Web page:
• I go along with the odd number theory – something to do with that Italian chap Fibonacci? – but think the two greeny ones are too close in tone – unless of course it is the colours on the monitor. They would not show up enough when put next to each other? So I would go up to 5, a mid-navy – not too dark? And Kay’s theory of needing sometimes to Buy More Yarn in order to get a Stash Reduction is spot on……

  • My two cents – go for the three colors you have on hand. I like those colors and think you’ll be able to make it work with the pattern. Best of luck! 🙂

  • I’m with Jill on the two greeny ones being too close. Go with blue, either green, butter. If you do the smaller stripes on the sleeves, I will have to kill you.

  • I meant Katie, sorry.

  • like the pullover too – i like the 5 stripes but think 3 would work too. i think the even number would make it look a little off but i am not sure why. just a hunch.
    i found a cute washcloth pattern that i am going to use with my hand-made soaps for presents for next year – an idea for your soap bars too. it’s on my never ending knitting list so it may not happen for awhile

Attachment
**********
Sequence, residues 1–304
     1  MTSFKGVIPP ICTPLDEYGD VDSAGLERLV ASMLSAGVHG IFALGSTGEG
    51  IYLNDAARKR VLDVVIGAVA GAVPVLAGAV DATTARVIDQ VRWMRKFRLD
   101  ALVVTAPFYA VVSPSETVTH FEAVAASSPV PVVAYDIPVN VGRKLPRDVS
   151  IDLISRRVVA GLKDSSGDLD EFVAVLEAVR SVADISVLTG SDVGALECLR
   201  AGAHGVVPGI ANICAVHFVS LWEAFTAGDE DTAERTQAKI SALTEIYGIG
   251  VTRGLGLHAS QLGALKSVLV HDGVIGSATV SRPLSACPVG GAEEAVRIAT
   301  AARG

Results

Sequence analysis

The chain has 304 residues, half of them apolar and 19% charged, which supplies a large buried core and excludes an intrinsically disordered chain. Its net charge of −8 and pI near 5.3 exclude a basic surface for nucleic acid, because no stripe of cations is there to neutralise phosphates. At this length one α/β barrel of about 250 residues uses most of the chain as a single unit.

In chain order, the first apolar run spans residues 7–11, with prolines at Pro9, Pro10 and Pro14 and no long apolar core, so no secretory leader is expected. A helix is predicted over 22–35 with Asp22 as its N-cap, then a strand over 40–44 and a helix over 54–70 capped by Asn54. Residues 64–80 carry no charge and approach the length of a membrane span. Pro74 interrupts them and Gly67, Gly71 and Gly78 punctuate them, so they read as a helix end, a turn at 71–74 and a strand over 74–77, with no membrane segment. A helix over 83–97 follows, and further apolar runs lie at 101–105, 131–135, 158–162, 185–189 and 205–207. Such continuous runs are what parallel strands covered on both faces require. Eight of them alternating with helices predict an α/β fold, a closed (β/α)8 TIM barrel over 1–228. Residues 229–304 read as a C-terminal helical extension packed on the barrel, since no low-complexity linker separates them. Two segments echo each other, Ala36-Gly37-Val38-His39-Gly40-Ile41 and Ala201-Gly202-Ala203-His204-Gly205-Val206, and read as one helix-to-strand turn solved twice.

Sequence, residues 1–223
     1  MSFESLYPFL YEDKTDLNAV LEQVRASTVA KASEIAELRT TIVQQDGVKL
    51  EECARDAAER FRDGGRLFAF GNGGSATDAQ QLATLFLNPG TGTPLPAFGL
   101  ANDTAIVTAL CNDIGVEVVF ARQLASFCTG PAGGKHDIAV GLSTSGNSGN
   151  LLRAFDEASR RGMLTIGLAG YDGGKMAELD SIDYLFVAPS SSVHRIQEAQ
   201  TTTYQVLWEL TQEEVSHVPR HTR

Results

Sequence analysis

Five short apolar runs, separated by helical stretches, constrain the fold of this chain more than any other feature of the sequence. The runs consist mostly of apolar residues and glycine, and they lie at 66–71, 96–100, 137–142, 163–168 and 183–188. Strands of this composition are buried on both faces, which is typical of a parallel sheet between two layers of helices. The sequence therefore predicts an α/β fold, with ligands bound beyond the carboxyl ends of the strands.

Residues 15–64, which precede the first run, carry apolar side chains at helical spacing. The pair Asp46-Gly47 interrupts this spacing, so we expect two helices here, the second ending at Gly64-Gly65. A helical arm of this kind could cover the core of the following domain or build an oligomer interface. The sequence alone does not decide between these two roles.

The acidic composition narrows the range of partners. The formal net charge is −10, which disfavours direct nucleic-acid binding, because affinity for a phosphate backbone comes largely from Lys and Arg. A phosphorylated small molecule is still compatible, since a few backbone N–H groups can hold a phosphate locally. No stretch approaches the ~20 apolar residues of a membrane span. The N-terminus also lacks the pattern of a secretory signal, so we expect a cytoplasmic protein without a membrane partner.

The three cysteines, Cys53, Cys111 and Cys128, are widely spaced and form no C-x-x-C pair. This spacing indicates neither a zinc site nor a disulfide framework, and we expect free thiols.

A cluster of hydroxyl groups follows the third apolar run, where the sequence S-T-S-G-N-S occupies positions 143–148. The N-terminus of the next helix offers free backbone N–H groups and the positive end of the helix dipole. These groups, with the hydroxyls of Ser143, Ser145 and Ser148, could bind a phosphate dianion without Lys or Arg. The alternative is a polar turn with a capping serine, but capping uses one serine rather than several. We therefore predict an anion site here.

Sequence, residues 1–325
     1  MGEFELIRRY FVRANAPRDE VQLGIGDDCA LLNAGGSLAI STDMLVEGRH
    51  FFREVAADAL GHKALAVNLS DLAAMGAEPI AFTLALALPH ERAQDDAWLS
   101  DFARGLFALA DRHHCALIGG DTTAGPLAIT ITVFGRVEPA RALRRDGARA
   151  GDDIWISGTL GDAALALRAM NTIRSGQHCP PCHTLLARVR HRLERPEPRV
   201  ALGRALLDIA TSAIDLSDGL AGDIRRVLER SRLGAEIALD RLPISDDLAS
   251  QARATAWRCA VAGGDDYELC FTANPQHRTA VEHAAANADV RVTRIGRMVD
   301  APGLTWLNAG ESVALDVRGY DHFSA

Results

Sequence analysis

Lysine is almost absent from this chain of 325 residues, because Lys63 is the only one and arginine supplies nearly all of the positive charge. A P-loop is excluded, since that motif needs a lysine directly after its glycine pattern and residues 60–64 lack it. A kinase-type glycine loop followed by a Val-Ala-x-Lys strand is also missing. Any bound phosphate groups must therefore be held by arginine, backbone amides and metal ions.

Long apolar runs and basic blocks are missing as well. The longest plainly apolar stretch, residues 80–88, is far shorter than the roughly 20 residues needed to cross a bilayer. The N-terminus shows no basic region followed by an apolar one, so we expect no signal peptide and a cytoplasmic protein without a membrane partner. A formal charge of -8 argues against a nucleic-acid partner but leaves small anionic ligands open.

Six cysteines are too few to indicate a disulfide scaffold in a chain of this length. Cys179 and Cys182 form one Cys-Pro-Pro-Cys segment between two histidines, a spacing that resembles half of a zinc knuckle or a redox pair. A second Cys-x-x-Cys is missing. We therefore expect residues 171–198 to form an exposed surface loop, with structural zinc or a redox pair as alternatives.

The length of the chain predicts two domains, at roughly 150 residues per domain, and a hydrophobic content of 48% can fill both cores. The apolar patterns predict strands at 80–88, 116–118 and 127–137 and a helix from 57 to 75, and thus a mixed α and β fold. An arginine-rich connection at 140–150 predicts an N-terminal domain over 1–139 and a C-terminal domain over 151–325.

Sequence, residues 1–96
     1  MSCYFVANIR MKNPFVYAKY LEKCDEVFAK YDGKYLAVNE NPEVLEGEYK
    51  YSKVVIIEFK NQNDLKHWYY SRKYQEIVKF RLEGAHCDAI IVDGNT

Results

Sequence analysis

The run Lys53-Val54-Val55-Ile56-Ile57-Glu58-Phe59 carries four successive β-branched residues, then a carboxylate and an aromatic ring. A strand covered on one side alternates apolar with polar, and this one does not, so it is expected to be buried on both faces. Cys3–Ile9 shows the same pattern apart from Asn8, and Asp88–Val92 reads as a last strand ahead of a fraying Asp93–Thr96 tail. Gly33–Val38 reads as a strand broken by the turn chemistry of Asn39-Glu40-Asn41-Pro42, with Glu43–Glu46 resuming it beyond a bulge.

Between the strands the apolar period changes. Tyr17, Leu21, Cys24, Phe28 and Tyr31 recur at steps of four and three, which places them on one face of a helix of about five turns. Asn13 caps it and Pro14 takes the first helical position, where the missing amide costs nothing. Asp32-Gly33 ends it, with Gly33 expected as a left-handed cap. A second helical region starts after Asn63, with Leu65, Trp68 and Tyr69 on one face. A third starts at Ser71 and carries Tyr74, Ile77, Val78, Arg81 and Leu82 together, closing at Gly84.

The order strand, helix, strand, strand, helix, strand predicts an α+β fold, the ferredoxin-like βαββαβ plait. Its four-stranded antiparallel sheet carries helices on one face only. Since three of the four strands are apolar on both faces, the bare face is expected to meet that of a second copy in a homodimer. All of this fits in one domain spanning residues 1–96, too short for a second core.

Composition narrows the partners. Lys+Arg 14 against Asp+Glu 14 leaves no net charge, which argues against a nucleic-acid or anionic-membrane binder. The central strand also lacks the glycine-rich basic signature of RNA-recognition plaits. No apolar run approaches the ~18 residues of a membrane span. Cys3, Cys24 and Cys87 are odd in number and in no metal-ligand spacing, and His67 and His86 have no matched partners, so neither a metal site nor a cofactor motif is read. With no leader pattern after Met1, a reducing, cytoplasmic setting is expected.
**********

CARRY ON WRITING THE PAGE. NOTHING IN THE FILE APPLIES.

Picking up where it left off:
• flap, flap… use 3 colours or 5. You never plant plants in even numbers.. so I suspect same theory with knitting

  • Oh! For what it’s worth, that is one of my favorite sweaters in this Rowan mag. I also prefer the pullover version, but with a different stripe action on the sleeves. Definitely go for the pullover with the sleeves of the cardi. And 3 colors, the ones in the top photo, would go superbly. Lucky, lucky recipient. Fly away, pigeon, fly away!

  • ann —
    my two cents…you need more than the three colours you have. my take on the colour scheme is that it goes in order of the colours of the rainbow, you know, the whole “roybiv” thing. in fact, it is what gives the sweater its colour punch. bottom line, i would go with five colours, and substitute one of the similar colours you have with another more vibrant colour. does that help? the only issue i have with this sweater is the model. is it me, or does she look like either a vulcan or yodo? meow!